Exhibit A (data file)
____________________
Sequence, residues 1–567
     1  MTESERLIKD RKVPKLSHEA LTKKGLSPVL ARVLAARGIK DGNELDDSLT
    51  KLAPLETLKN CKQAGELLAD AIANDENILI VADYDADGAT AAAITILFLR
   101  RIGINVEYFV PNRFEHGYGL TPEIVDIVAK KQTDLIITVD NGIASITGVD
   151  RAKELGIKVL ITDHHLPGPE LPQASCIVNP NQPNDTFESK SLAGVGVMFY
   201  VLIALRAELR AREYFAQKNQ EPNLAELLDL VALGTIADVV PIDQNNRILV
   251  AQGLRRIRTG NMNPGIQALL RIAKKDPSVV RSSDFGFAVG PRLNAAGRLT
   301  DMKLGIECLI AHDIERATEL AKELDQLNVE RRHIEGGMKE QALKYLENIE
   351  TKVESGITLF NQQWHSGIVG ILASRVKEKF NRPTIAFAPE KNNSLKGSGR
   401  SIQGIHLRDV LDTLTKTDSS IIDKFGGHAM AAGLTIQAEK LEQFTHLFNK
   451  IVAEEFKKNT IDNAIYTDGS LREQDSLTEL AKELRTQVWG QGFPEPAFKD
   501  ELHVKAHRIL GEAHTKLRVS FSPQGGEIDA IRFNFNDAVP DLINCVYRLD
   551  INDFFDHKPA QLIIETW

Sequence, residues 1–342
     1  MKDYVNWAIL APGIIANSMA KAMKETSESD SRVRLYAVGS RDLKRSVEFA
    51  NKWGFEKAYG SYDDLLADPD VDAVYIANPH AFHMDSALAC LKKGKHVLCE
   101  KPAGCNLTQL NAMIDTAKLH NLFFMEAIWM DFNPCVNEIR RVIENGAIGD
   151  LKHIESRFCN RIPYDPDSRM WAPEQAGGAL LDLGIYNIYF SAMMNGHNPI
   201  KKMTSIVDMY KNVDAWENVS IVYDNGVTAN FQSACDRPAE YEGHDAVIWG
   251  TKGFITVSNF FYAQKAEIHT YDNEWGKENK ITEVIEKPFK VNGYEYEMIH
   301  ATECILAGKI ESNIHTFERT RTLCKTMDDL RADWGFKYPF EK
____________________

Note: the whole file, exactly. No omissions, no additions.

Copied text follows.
Sequence, residues 1–567
     1  MTESERLIKD RKVPKLSHEA LTKKGLSPVL ARVLAARGIK DGNELDDSLT
    51  KLAPLETLKN CKQAGELLAD AIANDENILI VADYDADGAT AAAITILFLR
   101  RIGINVEYFV PNRFEHGYGL TPEIVDIVAK KQTDLIITVD NGIASITGVD
   151  RAKELGIKVL ITDHHLPGPE LPQASCIVNP NQPNDTFESK SLAGVGVMFY
   201  VLIALRAELR AREYFAQKNQ EPNLAELLDL VALGTIADVV PIDQNNRILV
   251  AQGLRRIRTG NMNPGIQALL RIAKKDPSVV RSSDFGFAVG PRLNAAGRLT
   301  DMKLGIECLI AHDIERATEL AKELDQLNVE RRHIEGGMKE QALKYLENIE
   351  TKVESGITLF NQQWHSGIVG ILASRVKEKF NRPTIAFAPE KNNSLKGSGR
   401  SIQGIHLRDV LDTLTKTDSS IIDKFGGHAM AAGLTIQAEK LEQFTHLFNK
   451  IVAEEFKKNT IDNAIYTDGS LREQDSLTEL AKELRTQVWG QGFPEPAFKD
   501  ELHVKAHRIL GEAHTKLRVS FSPQGGEIDA IRFNFNDAVP DLINCVYRLD
   551  INDFFDHKPA QLIIETW

Sequence, residues 1–342
     1  MKDYVNWAIL APGIIANSMA KAMKETSESD SRVRLYAVGS RDLKRSVEFA
    51  NKWGFEKAYG SYDDLLADPD VDAVYIANPH AFHMDSALAC LKKGKHVLCE
   101  KPAGCNLTQL NAMIDTAKLH NLFFMEAIWM DFNPCVNEIR RVIENGAIGD
   151  LKHIESRFCN RIPYDPDSRM WAPEQAGGAL LDLGIYNIYF SAMMNGHNPI
   201  KKMTSIVDMY KNVDAWENVS IVYDNGVTAN FQSACDRPAE YEGHDAVIWG
   251  TKGFITVSNF FYAQKAEIHT YDNEWGKENK ITEVIEKPFK VNGYEYEMIH
   301  ATECILAGKI ESNIHTFERT RTLCKTMDDL RADWGFKYPF EK